Incorporating your business in the early months is essential to protecting your personal assets from any liability of the tech startup. Your choice in which corporate structure you go with will shape the amount of taxes you pay and the paperwork you have to deal with. So it’s a pretty important decision and one that should be carefully considered.
- LLCs are great if you want that liability protection without all the formality and paperwork. It’s very easy and cheap to set up.
- The C-Corp has to file its own tax report and should be selected by startups that are looking to raise VC/Angel money or who plan to reinvest profits back to the company.
- The S-Corp, like the LLC, is a pass-through entity for federal taxes. Basically, that means that the taxable profits or losses for the business are passed through to the business owners, who record these as part of their personal tax filings. Consider this if you think you’ll make a profit right after the incorporation and will distribute it to the shareholders.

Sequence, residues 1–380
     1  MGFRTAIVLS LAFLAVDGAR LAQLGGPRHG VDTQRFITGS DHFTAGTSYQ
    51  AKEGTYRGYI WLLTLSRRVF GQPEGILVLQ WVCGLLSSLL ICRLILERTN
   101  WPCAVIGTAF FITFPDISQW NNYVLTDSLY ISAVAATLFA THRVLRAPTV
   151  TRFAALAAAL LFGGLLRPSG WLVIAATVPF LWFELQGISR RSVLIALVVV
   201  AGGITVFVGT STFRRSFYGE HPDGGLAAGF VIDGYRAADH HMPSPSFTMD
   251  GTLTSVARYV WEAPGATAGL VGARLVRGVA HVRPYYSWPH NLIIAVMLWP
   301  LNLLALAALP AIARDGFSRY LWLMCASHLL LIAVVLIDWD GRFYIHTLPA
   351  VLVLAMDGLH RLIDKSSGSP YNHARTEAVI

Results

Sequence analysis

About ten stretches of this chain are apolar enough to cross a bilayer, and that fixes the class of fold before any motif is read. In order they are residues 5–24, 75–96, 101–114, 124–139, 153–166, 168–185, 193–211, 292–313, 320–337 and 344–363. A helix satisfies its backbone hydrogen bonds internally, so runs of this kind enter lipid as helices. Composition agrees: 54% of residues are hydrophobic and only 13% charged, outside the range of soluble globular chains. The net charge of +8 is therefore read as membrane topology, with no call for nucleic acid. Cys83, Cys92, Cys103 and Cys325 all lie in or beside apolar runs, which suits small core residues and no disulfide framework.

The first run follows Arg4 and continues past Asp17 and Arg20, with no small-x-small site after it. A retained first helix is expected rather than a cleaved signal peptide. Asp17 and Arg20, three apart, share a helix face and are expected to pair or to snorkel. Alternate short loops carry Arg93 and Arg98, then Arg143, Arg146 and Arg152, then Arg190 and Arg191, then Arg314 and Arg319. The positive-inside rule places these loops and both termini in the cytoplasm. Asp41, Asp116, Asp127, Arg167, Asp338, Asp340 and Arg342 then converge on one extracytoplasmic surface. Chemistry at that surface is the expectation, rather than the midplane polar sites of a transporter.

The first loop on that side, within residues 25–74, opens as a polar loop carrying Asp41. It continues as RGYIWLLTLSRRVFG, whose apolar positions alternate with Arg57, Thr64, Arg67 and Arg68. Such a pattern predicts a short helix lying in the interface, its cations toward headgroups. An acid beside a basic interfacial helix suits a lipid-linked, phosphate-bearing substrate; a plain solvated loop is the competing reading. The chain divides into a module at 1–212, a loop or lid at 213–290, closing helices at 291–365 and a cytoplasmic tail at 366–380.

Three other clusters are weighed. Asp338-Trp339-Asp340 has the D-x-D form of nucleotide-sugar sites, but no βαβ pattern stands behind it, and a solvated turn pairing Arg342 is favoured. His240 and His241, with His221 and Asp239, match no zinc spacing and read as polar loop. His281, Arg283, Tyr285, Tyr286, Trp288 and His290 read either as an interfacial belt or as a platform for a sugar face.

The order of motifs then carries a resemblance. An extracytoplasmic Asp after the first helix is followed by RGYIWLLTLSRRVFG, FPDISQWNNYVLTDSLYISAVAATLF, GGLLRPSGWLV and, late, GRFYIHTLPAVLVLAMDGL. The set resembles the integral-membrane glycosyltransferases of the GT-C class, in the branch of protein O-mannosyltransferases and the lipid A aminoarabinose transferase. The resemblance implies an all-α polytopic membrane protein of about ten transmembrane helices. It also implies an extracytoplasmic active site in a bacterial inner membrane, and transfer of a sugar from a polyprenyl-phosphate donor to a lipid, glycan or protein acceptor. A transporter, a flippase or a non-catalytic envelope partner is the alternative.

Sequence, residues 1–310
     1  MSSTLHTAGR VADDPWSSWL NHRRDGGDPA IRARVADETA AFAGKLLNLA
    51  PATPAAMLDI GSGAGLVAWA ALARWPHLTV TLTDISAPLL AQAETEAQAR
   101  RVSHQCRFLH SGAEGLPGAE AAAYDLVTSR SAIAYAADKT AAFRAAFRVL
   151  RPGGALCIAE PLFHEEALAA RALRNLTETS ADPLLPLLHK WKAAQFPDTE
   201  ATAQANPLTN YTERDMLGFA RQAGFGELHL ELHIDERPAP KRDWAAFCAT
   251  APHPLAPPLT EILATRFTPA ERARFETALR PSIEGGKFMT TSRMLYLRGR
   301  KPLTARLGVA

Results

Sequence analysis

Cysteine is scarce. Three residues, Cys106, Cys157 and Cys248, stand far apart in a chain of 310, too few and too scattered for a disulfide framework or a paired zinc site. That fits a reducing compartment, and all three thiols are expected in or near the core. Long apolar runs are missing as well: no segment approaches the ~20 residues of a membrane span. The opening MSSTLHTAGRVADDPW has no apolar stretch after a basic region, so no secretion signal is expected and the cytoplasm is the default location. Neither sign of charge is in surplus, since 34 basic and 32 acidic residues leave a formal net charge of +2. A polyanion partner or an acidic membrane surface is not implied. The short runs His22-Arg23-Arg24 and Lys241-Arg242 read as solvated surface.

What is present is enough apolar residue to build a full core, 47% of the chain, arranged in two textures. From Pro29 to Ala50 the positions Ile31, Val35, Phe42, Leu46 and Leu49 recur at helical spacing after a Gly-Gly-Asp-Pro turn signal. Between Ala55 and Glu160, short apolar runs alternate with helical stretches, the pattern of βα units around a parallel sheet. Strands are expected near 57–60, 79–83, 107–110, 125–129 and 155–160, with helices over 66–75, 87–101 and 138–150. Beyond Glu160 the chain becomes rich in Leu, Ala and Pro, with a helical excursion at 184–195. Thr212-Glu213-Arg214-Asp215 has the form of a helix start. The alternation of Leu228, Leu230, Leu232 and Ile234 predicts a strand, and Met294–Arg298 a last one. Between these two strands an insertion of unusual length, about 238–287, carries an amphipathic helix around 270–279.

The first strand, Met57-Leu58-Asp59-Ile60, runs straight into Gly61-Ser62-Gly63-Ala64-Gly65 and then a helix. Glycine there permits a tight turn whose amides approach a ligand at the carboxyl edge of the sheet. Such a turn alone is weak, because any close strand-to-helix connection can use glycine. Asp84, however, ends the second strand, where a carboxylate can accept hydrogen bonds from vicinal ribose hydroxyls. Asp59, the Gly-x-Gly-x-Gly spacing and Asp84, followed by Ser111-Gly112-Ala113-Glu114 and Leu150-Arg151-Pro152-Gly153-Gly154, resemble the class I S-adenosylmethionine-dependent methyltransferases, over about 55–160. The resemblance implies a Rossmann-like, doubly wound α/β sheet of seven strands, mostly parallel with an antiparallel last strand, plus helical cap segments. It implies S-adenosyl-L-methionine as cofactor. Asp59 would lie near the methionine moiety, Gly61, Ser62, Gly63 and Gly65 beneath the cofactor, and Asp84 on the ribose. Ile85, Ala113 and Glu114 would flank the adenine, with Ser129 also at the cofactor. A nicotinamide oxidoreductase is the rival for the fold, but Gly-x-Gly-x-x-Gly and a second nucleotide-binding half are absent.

Here’s a quick video explanation to that^
Typically, LLC’s are not great for tech startups for a few reasons: (1) VC’s really don’t like pass-through entities; (2) the tax partnership rules are super complicated; (3) it doesn’t allow for stock option plans, convertible notes, etc., (4) it gets more expensive and complicated down the road.
For these reasons, the standard for most high growth technology based startups is incorporating as a C Corporation in Delaware.
But why Delaware? It’s because that state has a very efficient court system that favors businesses and corporate law. There’s also some more administrative ease than some other states and generally just garners a level of credibility with investors and potential partners. More on why startups incorporate in Delaware here.
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